We're having a real hard time getting off. They managed to get off today. But there are also reports obviously out of St. Martin. So we were just in contact with someone in St. Thomas who road out the storm there. And he's facing -- it was kind of tells about the reality for a lot of people there on the island and it is not a good reality.
We just lost contact with them, we're going to try to get back in touch with him. Because we do want to bring you reports about St. John and St. Thomas certainly in the days ahead. And other island in the Caribbean.
But I do want to have right back now to the Florida Keys. Irma showed little mercy to this string island when it's slammed into them Sunday morning, it's a cat-4 hurricanes. Everyone, was told evacuate. We all know that some chose to stay including Tim Jones who rode out the storm in a Marina. And I'm pleased that he joins us now on the phone.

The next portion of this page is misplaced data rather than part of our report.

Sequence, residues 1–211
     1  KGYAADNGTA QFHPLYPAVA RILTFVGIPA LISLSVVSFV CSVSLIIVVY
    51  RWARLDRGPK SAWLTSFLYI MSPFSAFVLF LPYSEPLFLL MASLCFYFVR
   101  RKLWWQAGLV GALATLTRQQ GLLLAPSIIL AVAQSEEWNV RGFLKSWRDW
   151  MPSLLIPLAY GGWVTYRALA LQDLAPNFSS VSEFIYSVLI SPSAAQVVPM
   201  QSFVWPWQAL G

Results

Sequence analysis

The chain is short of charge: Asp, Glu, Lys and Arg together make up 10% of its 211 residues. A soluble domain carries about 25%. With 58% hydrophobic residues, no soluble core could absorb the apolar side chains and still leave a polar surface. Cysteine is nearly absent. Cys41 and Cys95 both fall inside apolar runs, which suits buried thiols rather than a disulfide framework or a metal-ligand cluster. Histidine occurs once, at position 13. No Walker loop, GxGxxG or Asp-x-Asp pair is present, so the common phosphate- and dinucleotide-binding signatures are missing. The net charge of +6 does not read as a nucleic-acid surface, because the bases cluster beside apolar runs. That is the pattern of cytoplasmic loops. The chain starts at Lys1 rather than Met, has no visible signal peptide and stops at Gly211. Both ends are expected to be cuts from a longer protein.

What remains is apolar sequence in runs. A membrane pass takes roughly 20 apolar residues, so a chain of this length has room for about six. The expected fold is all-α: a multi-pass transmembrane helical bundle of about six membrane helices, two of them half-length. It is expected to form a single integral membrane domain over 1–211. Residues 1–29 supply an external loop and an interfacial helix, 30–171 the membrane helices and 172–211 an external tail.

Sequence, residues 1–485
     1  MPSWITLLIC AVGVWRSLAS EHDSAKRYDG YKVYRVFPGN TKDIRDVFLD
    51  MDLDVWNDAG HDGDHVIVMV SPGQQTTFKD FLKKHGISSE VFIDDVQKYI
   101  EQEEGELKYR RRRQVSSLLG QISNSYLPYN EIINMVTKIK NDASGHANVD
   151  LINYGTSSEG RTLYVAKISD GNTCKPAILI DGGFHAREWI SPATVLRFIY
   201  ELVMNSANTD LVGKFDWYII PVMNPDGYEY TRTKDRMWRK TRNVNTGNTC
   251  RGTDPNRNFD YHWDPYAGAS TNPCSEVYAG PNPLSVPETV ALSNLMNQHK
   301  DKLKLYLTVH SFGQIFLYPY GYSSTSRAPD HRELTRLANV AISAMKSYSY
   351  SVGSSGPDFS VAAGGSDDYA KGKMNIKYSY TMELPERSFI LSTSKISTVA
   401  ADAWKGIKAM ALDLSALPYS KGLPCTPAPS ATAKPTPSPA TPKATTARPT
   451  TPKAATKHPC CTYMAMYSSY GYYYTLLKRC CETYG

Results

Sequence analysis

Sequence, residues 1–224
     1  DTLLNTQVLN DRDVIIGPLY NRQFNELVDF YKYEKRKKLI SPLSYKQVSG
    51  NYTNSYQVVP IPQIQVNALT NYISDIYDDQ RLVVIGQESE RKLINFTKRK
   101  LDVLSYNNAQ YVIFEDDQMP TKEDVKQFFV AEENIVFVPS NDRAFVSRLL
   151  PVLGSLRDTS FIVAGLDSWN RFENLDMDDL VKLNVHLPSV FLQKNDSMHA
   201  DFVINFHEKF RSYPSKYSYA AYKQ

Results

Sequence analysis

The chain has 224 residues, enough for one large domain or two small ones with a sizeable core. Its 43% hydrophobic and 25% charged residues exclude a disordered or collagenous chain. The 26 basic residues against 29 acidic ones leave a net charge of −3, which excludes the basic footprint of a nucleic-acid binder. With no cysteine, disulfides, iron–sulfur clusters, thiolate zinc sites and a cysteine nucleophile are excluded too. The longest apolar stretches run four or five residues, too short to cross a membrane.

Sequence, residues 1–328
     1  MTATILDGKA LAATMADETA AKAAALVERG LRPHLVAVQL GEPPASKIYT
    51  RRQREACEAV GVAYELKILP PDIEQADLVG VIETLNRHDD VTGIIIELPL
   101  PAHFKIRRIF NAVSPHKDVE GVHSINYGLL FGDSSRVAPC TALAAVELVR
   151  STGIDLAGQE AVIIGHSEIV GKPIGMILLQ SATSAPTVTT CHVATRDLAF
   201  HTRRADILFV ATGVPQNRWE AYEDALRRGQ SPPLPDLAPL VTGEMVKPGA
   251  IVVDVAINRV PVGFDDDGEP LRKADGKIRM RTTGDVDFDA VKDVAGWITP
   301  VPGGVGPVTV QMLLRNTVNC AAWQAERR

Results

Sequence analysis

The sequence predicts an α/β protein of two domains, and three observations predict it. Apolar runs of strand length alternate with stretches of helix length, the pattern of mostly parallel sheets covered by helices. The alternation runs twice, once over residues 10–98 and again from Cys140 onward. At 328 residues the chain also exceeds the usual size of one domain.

First of all Tim, how are you, how is your boat, how are the other boats in the area?
TIM JONES, RODE OUR STORM IN FLORIDA KEYS (via telephone): We had a few minor issues, one lost map (ph) -- one lost his sun deck. There's a couple had drifted in that from the surrounding neighborhoods, one of those is upside down, another just sink one's just kind of drifting around in the marina. But we did very well. We figured it much better than we had expected.
COOPER: Did you feel -- I mean, in retrospective, you feel you like you made the right decision to stay, to not try to evacuate?